1. Slayt 1I – A
2. Slayt 2INTRODUCTION
Name of this family comes from the
properties of alkali metals to form
hydroxides with water. Compounds
containing hydroxide ion is basic and
They are very active ,so in
the nature they are not found
in elemental forms. They exist
in various compounds.
3. Slayt 3GENERAL PROPERTIES OF 1A
*By giving their valence electron easily in chemical
reactions, they form +1 charged ions.
* Alkali metals are the elements which have the least
ionization energy and the highest atomic radius, in
* They are a group of most active metals.
* The activity of metals increase from top to bottom
* The element cesium, Cs, is the most active metal
* Francium is a radioactive element
4. Slayt 4They are solids at room
soft. They can be cut by a
5. OCCURRENCE• Since the alkali metals are the most active metals, they
are not found free in nature, but as compounds.
• The most important compound of sodium is sodium
chloride, NaCl. The important sodium sources are Chile
saltpeter (NaNO3), washing soda (Na2CO3) and baking
soda (NaHCO3). The most important sodium minerals
are kryolite (Na3AlF6), borax (Na2B4O7.10H2O), sodium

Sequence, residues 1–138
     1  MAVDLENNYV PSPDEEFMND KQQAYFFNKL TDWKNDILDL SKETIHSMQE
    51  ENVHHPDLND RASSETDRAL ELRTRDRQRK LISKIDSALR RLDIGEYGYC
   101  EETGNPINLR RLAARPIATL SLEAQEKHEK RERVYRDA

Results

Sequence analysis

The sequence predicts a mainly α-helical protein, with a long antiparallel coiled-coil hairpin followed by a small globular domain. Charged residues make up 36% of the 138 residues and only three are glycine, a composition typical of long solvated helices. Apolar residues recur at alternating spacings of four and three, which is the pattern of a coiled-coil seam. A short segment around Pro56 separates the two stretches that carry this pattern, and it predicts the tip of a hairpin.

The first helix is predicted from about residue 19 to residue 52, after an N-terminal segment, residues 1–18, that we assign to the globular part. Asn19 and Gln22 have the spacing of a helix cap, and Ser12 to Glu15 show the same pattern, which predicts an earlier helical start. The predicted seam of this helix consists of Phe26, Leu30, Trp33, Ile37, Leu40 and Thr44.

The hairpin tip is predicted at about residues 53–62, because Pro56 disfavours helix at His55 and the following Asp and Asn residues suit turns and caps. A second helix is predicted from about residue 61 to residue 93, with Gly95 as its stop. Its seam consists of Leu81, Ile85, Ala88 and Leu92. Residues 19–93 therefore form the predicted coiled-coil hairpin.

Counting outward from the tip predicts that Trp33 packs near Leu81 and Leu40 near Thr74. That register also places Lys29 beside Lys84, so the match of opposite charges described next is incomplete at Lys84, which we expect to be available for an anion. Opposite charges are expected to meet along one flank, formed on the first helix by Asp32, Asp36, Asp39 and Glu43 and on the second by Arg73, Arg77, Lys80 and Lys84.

sulfate (Na2SO4) and albite (NaAlSi3O8).
6. Potassium, K• Potassium constitutes 1.5% of the earth’s crust.
Potassium is found as the minerals sylvite (KCl)
and carnallite (KCl · MgCl2 ·6H2O) and as the
silicates of orthoclas (KAlSi3O8) and mica
(KH2Al3(SiO4)3). The main sources of potassium
are K2SO4 and KNO3, which are used as
7. CHEMICAL PROPERTIES1)Alkali metals are strong reducing agents.
nM0 + Y+n → nM+ + Y0(s)
(Y : any metal with low activity,
M : any alkali metal)
6Na(s) + Al2O3(s) → 3Na2O(s) + 2Al(s)
3K(s) + CrCl3(s) → 3KCl(s) + Cr(s)
8. Slayt 82) Hydrides are formed as a result of alkali metals
reactions with hydrogen. Hydrides contain a +1
charged alkali metal and –1 charged hydrogen
• 2K(s) + H2(g) ⎯→ 2KH(s) potassium hydride
• 2Na(s) + H2(g) ⎯→ 2NaH(s) sodium hydride
9. Slayt 93) They react with water violently. As a result of
this reaction H2 gas and a base solution form.
• 2M(s) + 2H2O(l) → 2MOH(aq) + H2(g) +heat
• 2Na(s) + 2H2O(l) → 2NaOH(aq) + H2(g) + heat
10. Slayt 104) They may form oxides, peroxides or
superoxides by reacting with oxygen in the air.
• As a result of reactions with excess oxygen,
lithium forms oxide, Li2O, sodium forms peroxide
Na2O2 and potassium, rubidium and cesium
form superoxides, such as KO2, RbO2, CsO2.
• 4Li(s) + O2(g) ⎯→ 2Li2O(s)
• 2Na(s) + O2(g) ⎯→ Na2O2(s)
• K(s) + O2(g) ⎯→ KO2(s)
11. Slayt 11• 5. All of them react with halogens to form
alkali halides (salts of alkali metals).
• 2M(s) + X2(g) ⎯→ 2MX(s)
(M : alkali metal, X : halogen,
MX ; alkali metal halides)
• 2Li(s) + F2(g) ⎯→ 2LiF(s)
• 2Na(s) + Cl2(g) ⎯→ 2NaCl(s)
12. Slayt 12• 6. They do not react with bases
M(s) + OH–(aq) ⎯→ No reaction
• 7. When they react with acids, the produce
salts andliberate H2 gas.
• M(s) + HX(aq) ⎯→ MX(aq) + 1/2H2(g)
(HX : Halo acid, MX : salt of an alkali)
• 2K(s) + 2HCl(aq) ⎯→ 2KCl(aq) + H2(g)
• 2Na(s) + 2HBr(aq) ⎯→ 2NaBr(aq) + H2(g)